But will the court decision in Massachusetts now prompt other pharmacies to follow in Bartell’s footsteps? Perhaps, but if you ask Doug Porter, the state’s director of Medicaid, he will likely say no. In a recent Seattle Times article, Porter was quoted as saying that Medicaid recipients should not worry about other companies following suit and he is “convinced pharmacies can weather this change.” As reported by the Seattle Times, several pharmacies and industry trade groups filed suit in U.S. District Court in Seattle trying to force the state to return its reimbursement rates to those it was paying before the Massachusetts settlement. A hearing is scheduled for Jan. 15.

Last year, the pharmacy groups filed another lawsuit, after an earlier attempt by the state to cut its reimbursement rates. That suit was withdrawn when the state agreed to make smaller cuts than it had planned.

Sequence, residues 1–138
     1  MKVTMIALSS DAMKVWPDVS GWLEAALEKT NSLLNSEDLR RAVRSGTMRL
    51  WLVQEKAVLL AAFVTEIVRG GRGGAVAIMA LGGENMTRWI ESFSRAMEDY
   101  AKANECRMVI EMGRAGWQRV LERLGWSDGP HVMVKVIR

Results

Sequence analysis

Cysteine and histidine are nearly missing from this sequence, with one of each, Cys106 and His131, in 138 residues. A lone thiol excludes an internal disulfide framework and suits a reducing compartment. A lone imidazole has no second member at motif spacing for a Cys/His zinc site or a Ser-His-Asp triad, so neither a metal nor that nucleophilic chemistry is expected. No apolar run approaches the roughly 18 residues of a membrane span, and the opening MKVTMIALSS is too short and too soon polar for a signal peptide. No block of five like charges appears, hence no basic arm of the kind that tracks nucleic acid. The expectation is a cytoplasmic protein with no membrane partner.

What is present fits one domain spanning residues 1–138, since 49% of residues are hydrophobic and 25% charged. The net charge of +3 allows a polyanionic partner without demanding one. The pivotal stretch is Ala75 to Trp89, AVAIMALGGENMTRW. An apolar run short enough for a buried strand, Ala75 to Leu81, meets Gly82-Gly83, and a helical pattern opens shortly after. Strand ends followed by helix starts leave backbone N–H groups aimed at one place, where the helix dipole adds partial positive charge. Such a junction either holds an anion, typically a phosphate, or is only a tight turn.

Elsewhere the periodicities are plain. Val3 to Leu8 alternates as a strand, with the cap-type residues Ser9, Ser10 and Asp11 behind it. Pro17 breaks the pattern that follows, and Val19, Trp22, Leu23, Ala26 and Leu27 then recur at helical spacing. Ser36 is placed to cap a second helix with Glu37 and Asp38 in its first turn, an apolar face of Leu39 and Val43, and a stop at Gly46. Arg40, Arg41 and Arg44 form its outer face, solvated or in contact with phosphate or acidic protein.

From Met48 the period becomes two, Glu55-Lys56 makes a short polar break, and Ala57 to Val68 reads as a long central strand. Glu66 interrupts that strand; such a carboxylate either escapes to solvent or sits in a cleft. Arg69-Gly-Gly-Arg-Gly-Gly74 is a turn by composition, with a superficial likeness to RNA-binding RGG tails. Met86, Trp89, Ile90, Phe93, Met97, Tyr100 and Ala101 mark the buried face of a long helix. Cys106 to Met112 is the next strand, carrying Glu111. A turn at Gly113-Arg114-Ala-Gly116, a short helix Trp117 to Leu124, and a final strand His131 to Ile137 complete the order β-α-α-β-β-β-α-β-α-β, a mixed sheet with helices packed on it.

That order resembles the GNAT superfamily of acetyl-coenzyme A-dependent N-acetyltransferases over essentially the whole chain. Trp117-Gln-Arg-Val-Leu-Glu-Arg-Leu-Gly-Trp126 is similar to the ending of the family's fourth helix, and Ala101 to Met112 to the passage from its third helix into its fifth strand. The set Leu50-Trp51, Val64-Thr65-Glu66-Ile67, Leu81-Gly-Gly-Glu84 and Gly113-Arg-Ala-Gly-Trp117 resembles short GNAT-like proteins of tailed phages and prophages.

“We are deeply concerned about the health of our patients. Pharmacists are on the front lines of our healthcare system protecting patients by ensuring safe and appropriate medication use. Commercial healthcare payers and Medicaid programs in some states have already adjusted pharmacy reimbursement necessary to maintain patient access to the essential care provided by pharmacies. If Washington Medicaid does not do the same, it can result in reduced access to medicine for our neediest and most vulnerable patients ultimately leading to expensive emergency room visits and hospitalizations,” stated Jeff Rochon, Pharm.D., CEO, Washington State Pharmacy Association, in an NACDS press statement issued in September.